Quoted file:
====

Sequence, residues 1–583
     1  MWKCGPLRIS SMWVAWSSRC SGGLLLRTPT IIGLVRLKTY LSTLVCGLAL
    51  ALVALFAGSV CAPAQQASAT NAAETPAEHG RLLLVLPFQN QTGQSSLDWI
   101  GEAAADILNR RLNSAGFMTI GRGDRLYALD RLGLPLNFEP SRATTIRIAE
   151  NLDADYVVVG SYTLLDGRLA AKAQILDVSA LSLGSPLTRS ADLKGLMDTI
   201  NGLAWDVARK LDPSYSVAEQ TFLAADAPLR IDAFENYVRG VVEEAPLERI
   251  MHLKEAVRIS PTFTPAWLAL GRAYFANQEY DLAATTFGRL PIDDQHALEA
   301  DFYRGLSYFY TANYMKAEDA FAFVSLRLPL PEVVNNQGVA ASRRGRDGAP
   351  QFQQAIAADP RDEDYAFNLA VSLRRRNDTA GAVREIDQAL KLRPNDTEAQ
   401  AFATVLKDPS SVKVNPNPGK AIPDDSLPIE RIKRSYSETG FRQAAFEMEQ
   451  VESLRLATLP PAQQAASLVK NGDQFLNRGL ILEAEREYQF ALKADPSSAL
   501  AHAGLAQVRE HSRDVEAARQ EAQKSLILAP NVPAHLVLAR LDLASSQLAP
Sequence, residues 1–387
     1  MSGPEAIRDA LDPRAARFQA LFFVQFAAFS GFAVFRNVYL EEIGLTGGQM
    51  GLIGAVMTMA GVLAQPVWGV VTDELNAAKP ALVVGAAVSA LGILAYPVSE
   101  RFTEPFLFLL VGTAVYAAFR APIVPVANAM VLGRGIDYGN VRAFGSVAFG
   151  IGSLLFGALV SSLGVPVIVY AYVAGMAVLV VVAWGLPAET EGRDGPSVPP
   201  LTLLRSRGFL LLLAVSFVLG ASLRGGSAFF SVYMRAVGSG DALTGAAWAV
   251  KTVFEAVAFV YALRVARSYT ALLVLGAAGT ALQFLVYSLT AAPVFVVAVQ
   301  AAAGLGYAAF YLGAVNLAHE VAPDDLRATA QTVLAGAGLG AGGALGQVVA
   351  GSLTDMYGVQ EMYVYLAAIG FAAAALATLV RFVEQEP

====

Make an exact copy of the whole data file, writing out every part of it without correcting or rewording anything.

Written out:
Sequence, residues 1–583
     1  MWKCGPLRIS SMWVAWSSRC SGGLLLRTPT IIGLVRLKTY LSTLVCGLAL
    51  ALVALFAGSV CAPAQQASAT NAAETPAEHG RLLLVLPFQN QTGQSSLDWI
   101  GEAAADILNR RLNSAGFMTI GRGDRLYALD RLGLPLNFEP SRATTIRIAE
   151  NLDADYVVVG SYTLLDGRLA AKAQILDVSA LSLGSPLTRS ADLKGLMDTI
   201  NGLAWDVARK LDPSYSVAEQ TFLAADAPLR IDAFENYVRG VVEEAPLERI
   251  MHLKEAVRIS PTFTPAWLAL GRAYFANQEY DLAATTFGRL PIDDQHALEA
   301  DFYRGLSYFY TANYMKAEDA FAFVSLRLPL PEVVNNQGVA ASRRGRDGAP
   351  QFQQAIAADP RDEDYAFNLA VSLRRRNDTA GAVREIDQAL KLRPNDTEAQ
   401  AFATVLKDPS SVKVNPNPGK AIPDDSLPIE RIKRSYSETG FRQAAFEMEQ
   451  VESLRLATLP PAQQAASLVK NGDQFLNRGL ILEAEREYQF ALKADPSSAL
   501  AHAGLAQVRE HSRDVEAARQ EAQKSLILAP NVPAHLVLAR LDLASSQLAP
Sequence, residues 1–387
     1  MSGPEAIRDA LDPRAARFQA LFFVQFAAFS GFAVFRNVYL EEIGLTGGQM
    51  GLIGAVMTMA GVLAQPVWGV VTDELNAAKP ALVVGAAVSA LGILAYPVSE
   101  RFTEPFLFLL VGTAVYAAFR APIVPVANAM VLGRGIDYGN VRAFGSVAFG
   151  IGSLLFGALV SSLGVPVIVY AYVAGMAVLV VVAWGLPAET EGRDGPSVPP
   201  LTLLRSRGFL LLLAVSFVLG ASLRGGSAFF SVYMRAVGSG DALTGAAWAV
   251  KTVFEAVAFV YALRVARSYT ALLVLGAAGT ALQFLVYSLT AAPVFVVAVQ
   301  AAAGLGYAAF YLGAVNLAHE VAPDDLRATA QTVLAGAGLG AGGALGQVVA
   351  GSLTDMYGVQ EMYVYLAAIG FAAAALATLV RFVEQEP